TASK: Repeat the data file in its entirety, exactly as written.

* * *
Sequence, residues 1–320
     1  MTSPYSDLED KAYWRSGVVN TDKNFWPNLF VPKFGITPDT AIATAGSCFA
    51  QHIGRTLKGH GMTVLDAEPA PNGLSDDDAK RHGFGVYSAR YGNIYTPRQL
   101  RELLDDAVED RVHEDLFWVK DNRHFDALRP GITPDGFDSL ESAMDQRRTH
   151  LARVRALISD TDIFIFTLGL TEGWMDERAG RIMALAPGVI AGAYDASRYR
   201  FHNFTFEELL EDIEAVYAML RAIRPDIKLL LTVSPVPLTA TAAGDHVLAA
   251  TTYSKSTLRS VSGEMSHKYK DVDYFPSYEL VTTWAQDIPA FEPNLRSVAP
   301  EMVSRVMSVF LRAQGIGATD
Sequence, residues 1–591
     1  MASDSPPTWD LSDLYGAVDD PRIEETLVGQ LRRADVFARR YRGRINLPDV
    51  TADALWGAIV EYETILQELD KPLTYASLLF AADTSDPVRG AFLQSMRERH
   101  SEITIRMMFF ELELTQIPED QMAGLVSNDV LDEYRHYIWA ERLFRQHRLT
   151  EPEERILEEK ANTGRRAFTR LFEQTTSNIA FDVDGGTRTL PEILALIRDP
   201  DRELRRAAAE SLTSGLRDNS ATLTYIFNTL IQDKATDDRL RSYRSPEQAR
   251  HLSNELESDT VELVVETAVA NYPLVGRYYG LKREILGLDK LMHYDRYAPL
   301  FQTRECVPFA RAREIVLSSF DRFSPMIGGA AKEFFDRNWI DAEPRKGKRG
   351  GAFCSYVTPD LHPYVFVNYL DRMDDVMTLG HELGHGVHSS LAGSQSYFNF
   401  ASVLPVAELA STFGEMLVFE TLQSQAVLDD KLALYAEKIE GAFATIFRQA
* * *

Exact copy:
Sequence, residues 1–320
     1  MTSPYSDLED KAYWRSGVVN TDKNFWPNLF VPKFGITPDT AIATAGSCFA
    51  QHIGRTLKGH GMTVLDAEPA PNGLSDDDAK RHGFGVYSAR YGNIYTPRQL
   101  RELLDDAVED RVHEDLFWVK DNRHFDALRP GITPDGFDSL ESAMDQRRTH
   151  LARVRALISD TDIFIFTLGL TEGWMDERAG RIMALAPGVI AGAYDASRYR
   201  FHNFTFEELL EDIEAVYAML RAIRPDIKLL LTVSPVPLTA TAAGDHVLAA
   251  TTYSKSTLRS VSGEMSHKYK DVDYFPSYEL VTTWAQDIPA FEPNLRSVAP
   301  EMVSRVMSVF LRAQGIGATD
Sequence, residues 1–591
     1  MASDSPPTWD LSDLYGAVDD PRIEETLVGQ LRRADVFARR YRGRINLPDV
    51  TADALWGAIV EYETILQELD KPLTYASLLF AADTSDPVRG AFLQSMRERH
   101  SEITIRMMFF ELELTQIPED QMAGLVSNDV LDEYRHYIWA ERLFRQHRLT
   151  EPEERILEEK ANTGRRAFTR LFEQTTSNIA FDVDGGTRTL PEILALIRDP
   201  DRELRRAAAE SLTSGLRDNS ATLTYIFNTL IQDKATDDRL RSYRSPEQAR
   251  HLSNELESDT VELVVETAVA NYPLVGRYYG LKREILGLDK LMHYDRYAPL
   301  FQTRECVPFA RAREIVLSSF DRFSPMIGGA AKEFFDRNWI DAEPRKGKRG
   351  GAFCSYVTPD LHPYVFVNYL DRMDDVMTLG HELGHGVHSS LAGSQSYFNF
   401  ASVLPVAELA STFGEMLVFE TLQSQAVLDD KLALYAEKIE GAFATIFRQA